Birding · Fall Colors · River/Creek · Views · Wildlife
The boardwalk is 4ft wide with ADA-required turnouts at appropriate distances. The trail all the way to the Big Cedar tree is now an ADA accessible boardwalk with railings and curbs where appropriate.
The boardwalk is wide and there are lots of interesting forest features to observe.
Open during daylight hours.
Need to Know
The parking area has an ADA accessible portable toilet.
Take this beautifully-crafted ADA accessible boardwalk through a remnant of coastal old-growth cedar wetlands right in town. The Old Growth Cedar Wetland Preserve, originally donated to the town of Rockaway Beach by the Nature Conservancy, showcases a beautiful wetland full of native plants and huge sitka spruce.
With a newly renovated parking area just off Highway 101 that has handicap spaces and an ADA accessible portable toilet, you'll find a convenient place to start the adventure.
The boardwalk lets you stay above the mud and cross the creeks without getting wet while being surrounded by salal, skunk cabbage, salmonberry, and sedges. The boardwalk has curbs for safety and railing when crossing creeks or in places where it is higher off the ground. The boardwalk splits after a short distance. The left-hand path leads to a wetland observation deck with benches and picnic tables, perfect for a snack or lunch. School groups use this area to teach the students about the wetland habitat.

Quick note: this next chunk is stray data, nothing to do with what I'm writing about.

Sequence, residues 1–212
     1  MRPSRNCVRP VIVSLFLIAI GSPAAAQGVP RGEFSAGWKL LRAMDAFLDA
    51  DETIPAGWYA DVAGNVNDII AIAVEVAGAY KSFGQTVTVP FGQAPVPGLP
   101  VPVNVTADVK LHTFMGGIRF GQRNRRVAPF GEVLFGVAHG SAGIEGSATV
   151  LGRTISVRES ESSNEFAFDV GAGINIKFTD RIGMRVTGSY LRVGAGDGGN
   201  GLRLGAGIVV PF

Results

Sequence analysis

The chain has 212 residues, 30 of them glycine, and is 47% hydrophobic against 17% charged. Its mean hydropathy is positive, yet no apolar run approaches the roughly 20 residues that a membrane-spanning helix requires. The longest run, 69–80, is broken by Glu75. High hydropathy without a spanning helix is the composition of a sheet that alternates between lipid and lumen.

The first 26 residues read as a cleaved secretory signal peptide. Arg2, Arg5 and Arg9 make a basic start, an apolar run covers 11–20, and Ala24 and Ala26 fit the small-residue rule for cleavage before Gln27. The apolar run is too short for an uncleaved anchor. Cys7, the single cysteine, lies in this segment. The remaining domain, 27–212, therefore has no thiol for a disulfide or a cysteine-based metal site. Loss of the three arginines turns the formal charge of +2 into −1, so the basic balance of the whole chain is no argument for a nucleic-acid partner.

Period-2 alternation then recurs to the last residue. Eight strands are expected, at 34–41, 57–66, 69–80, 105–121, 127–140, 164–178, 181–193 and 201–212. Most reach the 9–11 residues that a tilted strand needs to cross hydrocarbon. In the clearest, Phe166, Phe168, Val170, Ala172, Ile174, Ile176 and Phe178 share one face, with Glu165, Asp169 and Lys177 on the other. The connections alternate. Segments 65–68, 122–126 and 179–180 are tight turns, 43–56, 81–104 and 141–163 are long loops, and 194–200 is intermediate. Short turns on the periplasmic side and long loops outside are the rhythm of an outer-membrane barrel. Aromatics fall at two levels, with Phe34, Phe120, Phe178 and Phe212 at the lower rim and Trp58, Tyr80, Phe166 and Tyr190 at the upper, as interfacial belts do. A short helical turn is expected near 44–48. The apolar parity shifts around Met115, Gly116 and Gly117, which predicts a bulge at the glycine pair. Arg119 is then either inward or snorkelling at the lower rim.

The right-hand path, newly built in Spring of 2020, leads on to the Big Cedar, heading slightly uphill (still ADA accessible) into drier old-growth forest. The path crosses a long bridge over the creek before reaching the Big Cedar. The boardwalk circles the huge old tree, with a wider viewing platform on one end. The elevated boardwalk protects the tree from root damage due to soil compression and makes it accessible to all ages and abilities. Enjoy this beautiful specimen from behind the railings and protect it for visitors to enjoy for another 100 years.
Flora & Fauna
Follow the boardwalk over wetlands and Saltair Creek to discover all types of flora and fauna.
Shared By: Emily R